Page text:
• unknown (b.)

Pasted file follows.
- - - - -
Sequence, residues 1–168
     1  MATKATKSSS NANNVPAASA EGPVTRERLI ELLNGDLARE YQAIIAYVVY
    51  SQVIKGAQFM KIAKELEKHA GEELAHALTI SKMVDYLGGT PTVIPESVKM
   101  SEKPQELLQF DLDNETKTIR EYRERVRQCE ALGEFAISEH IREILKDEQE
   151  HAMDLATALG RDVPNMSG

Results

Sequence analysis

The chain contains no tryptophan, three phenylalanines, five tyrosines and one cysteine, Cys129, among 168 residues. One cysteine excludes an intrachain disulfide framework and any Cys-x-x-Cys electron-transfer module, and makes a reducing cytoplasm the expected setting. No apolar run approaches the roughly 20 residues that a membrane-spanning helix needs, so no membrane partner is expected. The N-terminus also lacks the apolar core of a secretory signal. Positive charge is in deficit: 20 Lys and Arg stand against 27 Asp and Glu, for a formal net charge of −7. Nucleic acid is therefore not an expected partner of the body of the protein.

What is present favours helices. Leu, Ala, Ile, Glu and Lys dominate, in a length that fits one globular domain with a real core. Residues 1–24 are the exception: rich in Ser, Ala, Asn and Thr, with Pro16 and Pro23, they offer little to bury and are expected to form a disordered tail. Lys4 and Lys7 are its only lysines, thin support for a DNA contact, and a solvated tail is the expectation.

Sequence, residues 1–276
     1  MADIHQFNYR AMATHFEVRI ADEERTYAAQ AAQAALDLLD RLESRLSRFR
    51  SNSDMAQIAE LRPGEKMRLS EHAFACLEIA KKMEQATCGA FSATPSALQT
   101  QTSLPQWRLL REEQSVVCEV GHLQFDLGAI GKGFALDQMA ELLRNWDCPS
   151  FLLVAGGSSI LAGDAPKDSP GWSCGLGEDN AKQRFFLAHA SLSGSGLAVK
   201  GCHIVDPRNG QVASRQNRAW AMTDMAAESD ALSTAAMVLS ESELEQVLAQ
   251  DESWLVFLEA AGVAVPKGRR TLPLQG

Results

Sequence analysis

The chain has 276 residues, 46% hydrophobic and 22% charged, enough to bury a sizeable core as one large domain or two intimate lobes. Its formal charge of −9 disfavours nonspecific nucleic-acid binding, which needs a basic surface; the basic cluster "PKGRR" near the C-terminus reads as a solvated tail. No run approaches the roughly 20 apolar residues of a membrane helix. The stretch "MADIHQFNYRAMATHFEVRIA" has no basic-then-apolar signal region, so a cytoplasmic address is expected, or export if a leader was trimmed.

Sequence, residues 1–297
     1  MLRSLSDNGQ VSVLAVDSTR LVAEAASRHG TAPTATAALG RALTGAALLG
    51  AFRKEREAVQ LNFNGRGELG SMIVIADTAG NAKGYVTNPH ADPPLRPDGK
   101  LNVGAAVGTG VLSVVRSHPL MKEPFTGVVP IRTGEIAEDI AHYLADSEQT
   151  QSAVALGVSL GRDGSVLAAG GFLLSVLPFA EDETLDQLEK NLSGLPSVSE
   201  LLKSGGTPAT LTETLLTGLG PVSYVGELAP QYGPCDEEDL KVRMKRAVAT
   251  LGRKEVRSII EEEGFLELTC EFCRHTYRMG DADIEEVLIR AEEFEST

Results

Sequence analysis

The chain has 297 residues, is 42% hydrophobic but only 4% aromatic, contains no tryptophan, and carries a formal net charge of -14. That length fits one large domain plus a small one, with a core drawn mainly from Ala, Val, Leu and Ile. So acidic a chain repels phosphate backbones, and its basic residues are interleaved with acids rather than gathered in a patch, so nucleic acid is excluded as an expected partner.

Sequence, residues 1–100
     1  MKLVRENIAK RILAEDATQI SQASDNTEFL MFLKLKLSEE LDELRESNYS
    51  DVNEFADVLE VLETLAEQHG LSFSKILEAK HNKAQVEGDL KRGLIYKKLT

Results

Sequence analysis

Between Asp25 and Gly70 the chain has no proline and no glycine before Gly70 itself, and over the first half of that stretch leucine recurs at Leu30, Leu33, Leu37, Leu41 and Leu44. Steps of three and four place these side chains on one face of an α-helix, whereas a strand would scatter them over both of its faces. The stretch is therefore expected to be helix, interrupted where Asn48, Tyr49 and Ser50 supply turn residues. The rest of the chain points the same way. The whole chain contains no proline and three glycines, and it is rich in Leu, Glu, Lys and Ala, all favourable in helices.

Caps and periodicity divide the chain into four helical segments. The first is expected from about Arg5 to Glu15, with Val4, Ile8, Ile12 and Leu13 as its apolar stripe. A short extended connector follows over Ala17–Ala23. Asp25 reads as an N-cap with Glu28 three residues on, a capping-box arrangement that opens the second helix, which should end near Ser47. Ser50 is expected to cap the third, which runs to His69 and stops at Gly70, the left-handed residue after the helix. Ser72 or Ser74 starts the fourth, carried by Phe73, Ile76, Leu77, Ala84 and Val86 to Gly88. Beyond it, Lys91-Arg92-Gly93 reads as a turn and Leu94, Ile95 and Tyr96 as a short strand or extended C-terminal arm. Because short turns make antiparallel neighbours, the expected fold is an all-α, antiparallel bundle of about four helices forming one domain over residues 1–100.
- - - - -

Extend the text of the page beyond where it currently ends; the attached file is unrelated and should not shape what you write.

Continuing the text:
A Canadian, physicist, interdiscipline scientist, inventor, software developer, computer chess programmer, businessman, and paraglider, he was born in England, but his family moved to Canada when he was a child. In college, he studied Mathematics, Physics, Fine Art, Philosophy, Psychology, Finance and Marketing. He received his M.A. in Physics from SUNY Stony Brook University in 1972, and his M.B.A. in Finance and Marketing from McMaster University in 1974. He was the author of the first commercially successful chess program for microcomputers, MicroChess for the KIM-1 6502-based microcomputer on December 18, 1976. MicroChess, as small as it was in terms of program size, could still play passable chess on the KIM-1 with its 6502 microprocessor, 1 kilobyte of memory, simple hex keyboard, and seven-segment display. In 1977 Microchess he later expanded the programs into a more fully featured program with graphics for the TRS-80, Apple II, Commodore PET and Atari 400/800 computers. It was also licensed to Novag for its dedicated Chess Champion Mk II in 1979. Selling it at a price of $10 U.S. dollars, he refused to sell the rights of the program to Chuck Peddle (president of MOS Technology) for $1,000. It was the first microcomputer software package to sell 10,000 copies, almost exclusively on cassette tape. He co-founded Personal Software with Dan Fylstra to publish Microchess to the growing microcomputer market. Money made from Microchess and other software projects allowed them to launch VisiCalc; the first electronic spreadsheet for personal computers. They then created the VisiCorp company to publish Visicalc. Notably, MicroChess sales helped to finance the development of VisiCalc which was its greatest success.